Slaughterhouse Five

How did Vonnegut’s experiences at Dresden and America’s involvement in Vietnam contribute to the anti-war message and the success of the book?

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Published at the height of the Vietnam War in 1969, Slaughterhouse-Five is considered by many critics to be Vonnegut’s greatest work. It includes all of the elements that readers expect from Vonnegut: humor, satire, social criticism, and pacifism. The novel is the result of what Vonnegut describes as a twenty-three year struggle to write a book about the firebombing of Dresden, Germany which he witnessed as an American POW incarcerated in a former slaughterhouse. Perhaps not surprisingly, Vonnegut emerged from the experience an avowed pacifist.

Students who are unfamiliar with Vonnegut’s work may find the format of the novel a bit disconcerting. Vonnegut combines science fiction, autobiography, historical fiction, and modern satire in a “jumbled” depiction of the life of Billy Pilgrim. Billy, like Vonnegut, experiences the destruction of Dresden, and, as with Vonnegut, it is the defining moment of his life. Unlike the author, he also experiences time travel or coming “unstuck in time,” and abduction by aliens from the planet Tralfamadore. Because of Billy’s unique view of time, the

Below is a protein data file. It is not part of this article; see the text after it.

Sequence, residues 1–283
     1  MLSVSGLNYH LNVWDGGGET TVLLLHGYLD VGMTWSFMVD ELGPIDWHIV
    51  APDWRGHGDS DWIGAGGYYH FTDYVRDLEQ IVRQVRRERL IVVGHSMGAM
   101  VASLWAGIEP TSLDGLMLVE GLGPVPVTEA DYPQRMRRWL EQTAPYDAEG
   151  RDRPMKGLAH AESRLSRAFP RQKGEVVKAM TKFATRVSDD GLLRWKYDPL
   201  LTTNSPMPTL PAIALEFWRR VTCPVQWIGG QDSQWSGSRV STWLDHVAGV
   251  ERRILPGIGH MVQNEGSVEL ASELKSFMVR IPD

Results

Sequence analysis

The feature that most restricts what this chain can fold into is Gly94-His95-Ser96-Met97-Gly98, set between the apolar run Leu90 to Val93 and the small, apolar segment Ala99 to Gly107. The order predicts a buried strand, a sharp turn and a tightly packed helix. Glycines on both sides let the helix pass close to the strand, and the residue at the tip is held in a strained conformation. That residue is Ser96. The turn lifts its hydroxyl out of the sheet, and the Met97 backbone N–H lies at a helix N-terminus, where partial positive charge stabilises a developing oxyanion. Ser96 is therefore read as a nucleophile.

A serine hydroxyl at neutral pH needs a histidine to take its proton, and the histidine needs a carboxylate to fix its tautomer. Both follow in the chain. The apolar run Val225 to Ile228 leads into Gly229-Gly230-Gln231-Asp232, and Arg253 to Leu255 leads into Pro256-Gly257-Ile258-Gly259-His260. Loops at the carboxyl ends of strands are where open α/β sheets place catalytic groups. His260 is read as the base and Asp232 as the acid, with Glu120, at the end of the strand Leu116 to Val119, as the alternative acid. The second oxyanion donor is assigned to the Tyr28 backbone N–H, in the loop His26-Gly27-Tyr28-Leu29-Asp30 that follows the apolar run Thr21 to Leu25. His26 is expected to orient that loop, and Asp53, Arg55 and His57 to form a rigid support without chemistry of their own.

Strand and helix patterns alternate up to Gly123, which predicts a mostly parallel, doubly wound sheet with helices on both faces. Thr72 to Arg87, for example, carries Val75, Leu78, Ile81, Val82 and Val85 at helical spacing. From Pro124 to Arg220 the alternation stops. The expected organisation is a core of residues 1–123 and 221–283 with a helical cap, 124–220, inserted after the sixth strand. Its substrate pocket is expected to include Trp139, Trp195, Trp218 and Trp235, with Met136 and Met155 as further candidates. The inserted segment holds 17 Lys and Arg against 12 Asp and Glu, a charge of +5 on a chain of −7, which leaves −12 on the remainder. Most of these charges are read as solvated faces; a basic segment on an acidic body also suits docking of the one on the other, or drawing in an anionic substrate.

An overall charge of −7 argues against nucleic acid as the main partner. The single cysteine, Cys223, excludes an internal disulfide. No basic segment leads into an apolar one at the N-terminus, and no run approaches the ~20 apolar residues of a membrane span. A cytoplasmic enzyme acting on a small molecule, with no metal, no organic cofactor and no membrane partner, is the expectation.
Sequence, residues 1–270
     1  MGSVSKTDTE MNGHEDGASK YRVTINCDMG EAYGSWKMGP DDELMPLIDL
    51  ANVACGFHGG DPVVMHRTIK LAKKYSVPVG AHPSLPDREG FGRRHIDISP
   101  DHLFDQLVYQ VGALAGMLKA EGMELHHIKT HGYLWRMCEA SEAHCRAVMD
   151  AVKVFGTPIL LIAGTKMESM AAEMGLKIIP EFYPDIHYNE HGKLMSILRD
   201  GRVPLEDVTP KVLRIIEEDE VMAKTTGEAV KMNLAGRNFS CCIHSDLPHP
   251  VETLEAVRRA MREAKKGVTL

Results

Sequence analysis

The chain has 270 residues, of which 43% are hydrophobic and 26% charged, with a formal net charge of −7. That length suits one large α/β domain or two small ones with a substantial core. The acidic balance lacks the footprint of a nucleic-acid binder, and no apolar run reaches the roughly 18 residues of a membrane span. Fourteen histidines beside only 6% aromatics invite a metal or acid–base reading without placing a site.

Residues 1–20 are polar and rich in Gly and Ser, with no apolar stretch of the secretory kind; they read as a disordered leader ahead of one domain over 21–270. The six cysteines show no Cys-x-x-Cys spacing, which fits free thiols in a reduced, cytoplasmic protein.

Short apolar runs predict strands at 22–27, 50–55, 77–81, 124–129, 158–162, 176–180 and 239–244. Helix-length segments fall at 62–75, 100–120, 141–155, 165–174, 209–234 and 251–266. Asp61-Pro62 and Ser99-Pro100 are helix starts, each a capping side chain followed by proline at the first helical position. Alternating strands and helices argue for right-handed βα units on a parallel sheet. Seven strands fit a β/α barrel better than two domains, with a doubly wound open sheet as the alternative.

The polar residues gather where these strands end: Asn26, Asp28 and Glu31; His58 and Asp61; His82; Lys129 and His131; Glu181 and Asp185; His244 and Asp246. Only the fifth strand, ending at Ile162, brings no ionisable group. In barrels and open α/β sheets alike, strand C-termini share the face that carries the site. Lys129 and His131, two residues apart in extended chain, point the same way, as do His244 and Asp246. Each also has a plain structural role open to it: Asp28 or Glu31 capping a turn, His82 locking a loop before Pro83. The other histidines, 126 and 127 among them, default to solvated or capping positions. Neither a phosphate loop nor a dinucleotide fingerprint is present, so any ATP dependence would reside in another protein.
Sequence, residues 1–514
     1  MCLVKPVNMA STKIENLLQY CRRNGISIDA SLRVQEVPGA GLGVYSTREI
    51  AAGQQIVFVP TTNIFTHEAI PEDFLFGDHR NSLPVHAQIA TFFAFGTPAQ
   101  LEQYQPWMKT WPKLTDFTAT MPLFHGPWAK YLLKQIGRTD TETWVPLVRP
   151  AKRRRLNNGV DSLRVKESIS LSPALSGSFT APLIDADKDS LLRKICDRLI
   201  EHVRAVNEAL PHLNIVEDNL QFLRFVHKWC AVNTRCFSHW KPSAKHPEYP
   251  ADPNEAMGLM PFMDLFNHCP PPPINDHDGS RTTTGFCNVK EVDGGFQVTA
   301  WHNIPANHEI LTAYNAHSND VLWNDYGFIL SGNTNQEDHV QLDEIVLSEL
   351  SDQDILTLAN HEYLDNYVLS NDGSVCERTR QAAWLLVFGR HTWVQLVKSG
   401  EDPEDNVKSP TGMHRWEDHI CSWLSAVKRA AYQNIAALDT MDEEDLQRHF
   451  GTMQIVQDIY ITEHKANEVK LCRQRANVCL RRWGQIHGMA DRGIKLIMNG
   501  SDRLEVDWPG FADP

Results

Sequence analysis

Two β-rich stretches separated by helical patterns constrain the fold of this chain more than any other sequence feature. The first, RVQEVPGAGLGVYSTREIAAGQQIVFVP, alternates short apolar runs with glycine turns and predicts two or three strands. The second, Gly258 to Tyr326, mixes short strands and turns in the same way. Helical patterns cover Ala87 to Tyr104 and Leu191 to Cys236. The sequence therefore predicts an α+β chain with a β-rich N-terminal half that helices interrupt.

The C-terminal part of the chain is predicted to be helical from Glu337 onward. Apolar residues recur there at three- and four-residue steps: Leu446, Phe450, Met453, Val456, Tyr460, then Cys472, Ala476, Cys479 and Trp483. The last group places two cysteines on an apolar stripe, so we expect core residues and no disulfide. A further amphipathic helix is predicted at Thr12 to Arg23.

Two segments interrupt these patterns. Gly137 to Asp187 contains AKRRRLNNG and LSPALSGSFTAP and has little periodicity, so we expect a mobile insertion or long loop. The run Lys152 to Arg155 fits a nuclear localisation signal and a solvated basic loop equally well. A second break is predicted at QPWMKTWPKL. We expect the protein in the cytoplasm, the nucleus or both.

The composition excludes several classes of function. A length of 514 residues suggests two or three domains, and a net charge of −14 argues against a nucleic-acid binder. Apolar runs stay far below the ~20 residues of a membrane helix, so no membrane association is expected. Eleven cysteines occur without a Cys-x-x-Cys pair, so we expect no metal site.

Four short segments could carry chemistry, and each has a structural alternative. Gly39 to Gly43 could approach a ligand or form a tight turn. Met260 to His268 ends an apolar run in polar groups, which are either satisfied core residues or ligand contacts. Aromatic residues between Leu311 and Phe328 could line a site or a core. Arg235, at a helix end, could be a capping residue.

story is told through a seemingly random recounting of the events of Billy’s life. Thus, the reader comes “unstuck in time” along with Billy.

Because Vonnegut had served in WWII, he had his own ideas and beliefs about the Vietnam War. "He despaired of being able to stop the war (he likens being anti-war to being anti-glacier, meaning that wars, like glaciers, will always be a fact of life), Slaughterhouse Five is an earnest anti-war novel." The novel is a classic in any time, but was extremely successful at its publication, due in part to the ongoing war.


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